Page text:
alexa Fibrin Interactions With Matrix Dependent Cells: Applications And Mechanism
ISSN: 2155-952X

Journal of Biotechnology & Biomaterials
Open Access

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2nd Annual Conference and Expo on BIOMATERIALS
March 27-28, 2017 Madrid, Spain

Raphael Gorodetsky
Hadassah Medical Center, Israel
Keynote: J Biotechnol Biomater
DOI: 10.4172/2155-952X.C1.072
Based on the haptotactic (cell binding) properties of fibrin, we have conducted extensive studies on the cell binding properties of fibrinogen and developed new Fibrin-based dense dehyrothermally crosslinked biodegradable Microbeads (FMB) for culturing high density of cells in suspension for their implantation. The FMB can attract and carry high number of matrix dependent cells of different types and can be used to culture stromal cells of different origin including fibroblasts, placental cells, endothelial cells, smooth muscle cells, chondrocytes and osteoblasts as well as endothelial cells. We employed FMB to isolate mesenchymal pluripotent stem cells from bone marrow and cord blood to expand them in vitro, and to induce differentiation in vitro or to implant as progenitors cells to produce cartilage and bone tissues. In parallel studies on the mechanism of cell binding to fibrin we identified new family of ~20mer epitopes on fibrinogen that seem to be responsible for the selective haptotactic activity of fibrin based matrices. Synthetic peptides of these sequences on a matrix could be used to augment cell binding to matrices in tissue engineering. The family of the short haptotactic peptidic sequences, which were termed haptides were also investigated as potent cell penetrating agents following fibrinolysis, as well as non-immunogenic synthetic cell penetrating sequences. The possible systemic adverse effects of penetrating peptides as well as fibrin derived haptides were also investigated in parallel.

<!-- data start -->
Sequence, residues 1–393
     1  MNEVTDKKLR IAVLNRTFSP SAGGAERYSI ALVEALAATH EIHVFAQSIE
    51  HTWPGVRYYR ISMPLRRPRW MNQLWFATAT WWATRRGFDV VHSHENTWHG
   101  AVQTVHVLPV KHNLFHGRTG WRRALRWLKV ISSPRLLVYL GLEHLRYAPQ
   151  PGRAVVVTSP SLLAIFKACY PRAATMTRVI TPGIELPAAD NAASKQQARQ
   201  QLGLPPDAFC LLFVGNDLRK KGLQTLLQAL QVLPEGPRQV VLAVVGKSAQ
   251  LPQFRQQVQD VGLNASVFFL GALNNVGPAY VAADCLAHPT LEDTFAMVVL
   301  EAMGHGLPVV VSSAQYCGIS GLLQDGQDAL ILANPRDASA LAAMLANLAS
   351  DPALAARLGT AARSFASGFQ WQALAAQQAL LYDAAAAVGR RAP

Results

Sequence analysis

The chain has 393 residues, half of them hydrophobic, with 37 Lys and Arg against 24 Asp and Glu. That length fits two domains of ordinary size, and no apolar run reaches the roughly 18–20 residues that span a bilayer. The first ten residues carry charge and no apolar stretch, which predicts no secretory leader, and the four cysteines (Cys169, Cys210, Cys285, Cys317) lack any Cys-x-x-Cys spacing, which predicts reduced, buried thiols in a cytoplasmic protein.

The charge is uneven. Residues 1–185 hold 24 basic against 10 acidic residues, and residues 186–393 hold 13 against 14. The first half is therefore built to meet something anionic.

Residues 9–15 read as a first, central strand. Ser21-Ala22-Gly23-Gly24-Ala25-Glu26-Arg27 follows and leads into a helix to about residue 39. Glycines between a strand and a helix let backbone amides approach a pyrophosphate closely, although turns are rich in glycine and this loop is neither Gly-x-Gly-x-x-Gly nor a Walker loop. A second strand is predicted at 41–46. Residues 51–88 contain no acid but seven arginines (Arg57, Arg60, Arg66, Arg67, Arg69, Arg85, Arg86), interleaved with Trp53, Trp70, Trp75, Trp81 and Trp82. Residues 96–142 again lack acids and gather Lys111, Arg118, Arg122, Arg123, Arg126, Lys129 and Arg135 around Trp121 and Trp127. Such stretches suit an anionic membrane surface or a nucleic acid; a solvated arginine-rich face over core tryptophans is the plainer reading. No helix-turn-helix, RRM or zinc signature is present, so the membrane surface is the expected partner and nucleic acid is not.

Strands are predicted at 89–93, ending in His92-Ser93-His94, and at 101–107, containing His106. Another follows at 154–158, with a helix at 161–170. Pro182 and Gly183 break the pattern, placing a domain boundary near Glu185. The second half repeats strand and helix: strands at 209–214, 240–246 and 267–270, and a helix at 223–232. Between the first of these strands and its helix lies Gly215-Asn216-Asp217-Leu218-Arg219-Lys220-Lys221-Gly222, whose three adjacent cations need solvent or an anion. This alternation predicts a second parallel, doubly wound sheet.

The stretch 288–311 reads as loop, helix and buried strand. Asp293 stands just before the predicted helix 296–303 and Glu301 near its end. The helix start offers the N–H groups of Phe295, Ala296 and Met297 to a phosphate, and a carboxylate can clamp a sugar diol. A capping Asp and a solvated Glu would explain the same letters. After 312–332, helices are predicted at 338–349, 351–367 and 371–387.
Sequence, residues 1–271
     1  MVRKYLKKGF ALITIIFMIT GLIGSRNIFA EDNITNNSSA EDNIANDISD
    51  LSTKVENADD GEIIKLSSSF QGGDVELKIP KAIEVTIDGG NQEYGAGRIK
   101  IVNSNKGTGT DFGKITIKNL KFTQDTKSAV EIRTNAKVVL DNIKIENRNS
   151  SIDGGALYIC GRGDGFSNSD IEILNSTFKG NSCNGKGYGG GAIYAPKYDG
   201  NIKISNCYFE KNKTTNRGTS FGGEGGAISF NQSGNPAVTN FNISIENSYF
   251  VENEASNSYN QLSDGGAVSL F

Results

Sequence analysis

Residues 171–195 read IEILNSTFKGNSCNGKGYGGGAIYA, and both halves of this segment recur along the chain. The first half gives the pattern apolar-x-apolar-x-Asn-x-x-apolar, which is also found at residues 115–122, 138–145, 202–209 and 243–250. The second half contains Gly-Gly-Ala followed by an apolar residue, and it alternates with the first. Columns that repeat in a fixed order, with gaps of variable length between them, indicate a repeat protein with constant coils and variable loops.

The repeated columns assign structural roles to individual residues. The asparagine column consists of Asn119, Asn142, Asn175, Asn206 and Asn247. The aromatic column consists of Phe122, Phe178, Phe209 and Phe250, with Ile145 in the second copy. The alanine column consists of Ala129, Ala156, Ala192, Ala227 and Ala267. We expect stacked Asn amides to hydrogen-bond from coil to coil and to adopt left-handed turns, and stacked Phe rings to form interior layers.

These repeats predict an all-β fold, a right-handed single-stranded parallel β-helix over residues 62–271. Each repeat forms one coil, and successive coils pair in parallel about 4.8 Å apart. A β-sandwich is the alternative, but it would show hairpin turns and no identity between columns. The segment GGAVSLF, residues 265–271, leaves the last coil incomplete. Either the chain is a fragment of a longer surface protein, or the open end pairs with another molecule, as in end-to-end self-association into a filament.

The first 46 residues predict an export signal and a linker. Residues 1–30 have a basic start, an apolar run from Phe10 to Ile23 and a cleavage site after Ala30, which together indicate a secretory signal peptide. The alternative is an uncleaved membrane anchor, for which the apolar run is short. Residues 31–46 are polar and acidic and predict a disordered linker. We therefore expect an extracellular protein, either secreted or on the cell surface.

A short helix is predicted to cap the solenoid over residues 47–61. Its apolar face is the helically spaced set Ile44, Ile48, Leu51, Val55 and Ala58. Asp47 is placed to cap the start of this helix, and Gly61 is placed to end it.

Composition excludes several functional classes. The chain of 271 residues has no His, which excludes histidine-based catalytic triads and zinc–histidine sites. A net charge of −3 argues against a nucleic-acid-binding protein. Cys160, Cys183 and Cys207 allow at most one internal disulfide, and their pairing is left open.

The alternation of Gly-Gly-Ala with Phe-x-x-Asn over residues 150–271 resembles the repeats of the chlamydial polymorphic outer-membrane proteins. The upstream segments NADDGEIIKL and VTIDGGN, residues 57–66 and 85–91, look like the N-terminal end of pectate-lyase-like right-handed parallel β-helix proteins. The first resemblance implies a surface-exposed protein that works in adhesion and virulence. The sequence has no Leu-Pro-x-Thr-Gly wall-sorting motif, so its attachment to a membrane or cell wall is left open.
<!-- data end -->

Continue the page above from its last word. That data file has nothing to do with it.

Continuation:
Raphael Gorodetsky is the Head of Laboratory of Biotechnology and Radiobiology at the Sharett Institute of Oncology, Hadassah Medical Center, affiliated to the Hebrew University in Jerusalem. He did his PhD at the Hebrew University in 1985 and Post-Doc at UCLA Medical Center. His earlier research interests were in developing new technologies for in-vivo analyses of trace elements. His interests include regenerative radiobiology and biomaterials for regenerative medicine with fibrin based biomaterials and interactions with different cell types. In applied research, he was the Founder and the Chief Scientist of Hapto Biotech, later merged to form Forticel International SA and was involved in numerous other ventures. Recently, he developed placental stromal cells based therapy for modulating regenerative processes and mitigation of radiation effects. Besides his numerous publications, he co-edited the book “Stem Cells Tissue Repair” (RSC publishers, Cambridge, UK). He is the Secretary of Israel Stem Cells Society (2014-2017) and is Member in different international societies.

Email: [email protected]

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